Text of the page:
Lloyds Banking Group

As a large and complex financial services company operating in a tough business environment, Lloyds Banking Group has had to position SRM as part of a wider change programme and focus clearly on the value that can be delivered by engaging its suppliers more effectively. 

Here’s how the group procurement team led by CPO Michael Whitby has approached the task.
Lloyds Banking Group has a heritage dating back to 1695, but the group as we know it today was created in 2009 when Lloyds TSB Group acquired HBOS. This made it the largest retail bank in the UK with strong positions in a number of sectors and over 30 million customers.
The scope and scale of the new company – which includes Lloyds TSB, Halifax and Bank of Scotland, plus other brands such as Clerical Medical and Scottish Widows – presents both exciting opportunities and also many tough challenges. One of these is the integration and harmonisation of working practices across business units and functions.

The transformation challenge

When Michael Whitby was appointed chief procurement officer in early 2011 he was faced with this challenge for the group procurement function. He took some time to evaluate the situation before initiating a major transformation and simplification programme to achieve a step change in the effectiveness and efficiency of all aspects of procurement and supply chain management across the group.
The programme is made up of several work streams, one of which is SRM. A member of Whitby’s leadership team, George Booth, head of marketing procurement, was appointed to lead the SRM work stream. This case study explains the approach that Booth and his team have adopted to mobilise the project.  
Implementing change in any large organisation is always a big challenge. However, the scale and complexity of Lloyds Banking Group makes it a huge task. Lloyds TSB and HBOS had each grown through mergers and acquisitions over a period of more than 300 years before they came together in 2009. Trying to introduce standardisation and consistency in such an environment is difficult, but even more so for SRM when much of the change required is behavioural.
Making the case for change was the first challenge faced by Booth and the small team he assembled to shape and drive this initiative. “It’s a familiar story,” he says. “You won’t find many people who would disagree that we should be managing suppliers more effectively. It’s what that management entails and what value can be derived from it where opinions differ. We thought it was really important to gather as much information as possible to build a compelling case for change and get everybody (especially the senior executive team) on the same page.”

Diagnostic study

As part of this exercise, Lloyds commissioned an SRM diagnostic study to gain an understanding of how SRM or similar practices were being performed across the group. This involved structured interviews with SRM practitioners, senior stakeholders and suppliers; a review of tools, techniques and systems; an understanding of the resources engaged; and benchmarking against best practice and peer group financial services companies.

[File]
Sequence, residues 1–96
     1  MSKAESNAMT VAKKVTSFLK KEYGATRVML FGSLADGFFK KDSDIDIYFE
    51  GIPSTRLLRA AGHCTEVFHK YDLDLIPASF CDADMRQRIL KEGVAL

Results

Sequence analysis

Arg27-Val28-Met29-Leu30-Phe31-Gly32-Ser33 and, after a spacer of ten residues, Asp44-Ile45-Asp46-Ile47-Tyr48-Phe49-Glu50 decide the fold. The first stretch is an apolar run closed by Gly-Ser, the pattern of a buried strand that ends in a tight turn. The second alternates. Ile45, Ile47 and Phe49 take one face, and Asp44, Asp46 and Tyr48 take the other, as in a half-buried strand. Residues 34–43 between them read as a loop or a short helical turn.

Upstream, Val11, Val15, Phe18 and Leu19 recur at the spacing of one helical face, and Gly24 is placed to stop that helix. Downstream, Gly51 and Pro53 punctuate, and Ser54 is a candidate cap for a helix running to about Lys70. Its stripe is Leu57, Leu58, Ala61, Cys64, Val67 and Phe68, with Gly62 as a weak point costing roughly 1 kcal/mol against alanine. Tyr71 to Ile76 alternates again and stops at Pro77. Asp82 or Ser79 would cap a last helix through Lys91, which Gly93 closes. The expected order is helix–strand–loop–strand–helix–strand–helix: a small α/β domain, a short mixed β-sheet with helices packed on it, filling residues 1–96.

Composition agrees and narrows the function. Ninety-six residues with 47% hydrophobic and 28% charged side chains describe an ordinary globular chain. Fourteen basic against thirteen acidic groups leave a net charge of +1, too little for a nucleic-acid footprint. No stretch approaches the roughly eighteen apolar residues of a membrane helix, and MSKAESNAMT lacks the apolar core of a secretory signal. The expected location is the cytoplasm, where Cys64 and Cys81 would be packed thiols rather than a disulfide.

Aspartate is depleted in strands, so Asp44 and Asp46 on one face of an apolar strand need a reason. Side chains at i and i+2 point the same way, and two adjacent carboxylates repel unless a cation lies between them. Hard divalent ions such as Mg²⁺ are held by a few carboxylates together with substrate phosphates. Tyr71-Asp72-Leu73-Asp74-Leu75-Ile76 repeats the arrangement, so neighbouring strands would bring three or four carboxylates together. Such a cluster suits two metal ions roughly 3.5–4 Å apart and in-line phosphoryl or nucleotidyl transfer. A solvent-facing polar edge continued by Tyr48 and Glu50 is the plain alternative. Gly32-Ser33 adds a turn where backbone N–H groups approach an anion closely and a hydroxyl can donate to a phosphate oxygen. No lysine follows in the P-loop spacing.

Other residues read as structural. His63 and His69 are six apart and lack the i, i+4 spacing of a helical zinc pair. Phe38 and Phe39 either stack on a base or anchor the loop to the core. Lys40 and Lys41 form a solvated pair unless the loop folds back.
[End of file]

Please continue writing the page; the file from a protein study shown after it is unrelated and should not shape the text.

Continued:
The study made a number of observations about the current state of SRM across the group. In summary, these revealed an organisation where pockets of good SRM practice existed, but where a consistent understanding of, and approach to, SRM was lacking. The report also included a number of recommendations that would go on to influence the team’s approach.
“When we received the report we were not surprised at the findings,” says Booth. “We had drawn similar conclusions ourselves, but wanted to validate these with an external perspective. It’s clear we have some great people working really hard, but without senior stakeholder support and a best-in-class framework, including tools, techniques and training, they will not be able to achieve the real potential of SRM.”
Armed with the diagnostic report, the team set about building the case for change that would convince senior executives from across the group that investment in a single, consistent approach to SRM was in the best interests of the whole business.
“The most compelling aspect of the case for change has to be the value,” Booth says. “If you can’t articulate that in a way that is easily understood, you can forget it.”

Defining the framework

Before it could be sure of the value, Lloyds had to decide what it really meant by SRM. The conclusion was that SRM forms part of a wider supplier management approach – one in which all components have to be in place for real value to be delivered. These components are supplier contract management, supplier performance management and supplier relationship management.
“We felt it was important that everybody understood what these components of supplier management were and that each had a clear definition,” Booth explains. “It was clear from the diagnostic work that what some people described as SRM was in fact performance management. We felt it was important that SRM was differentiated from performance management and contract management, and that its focus on driving value beyond cost was recognised.”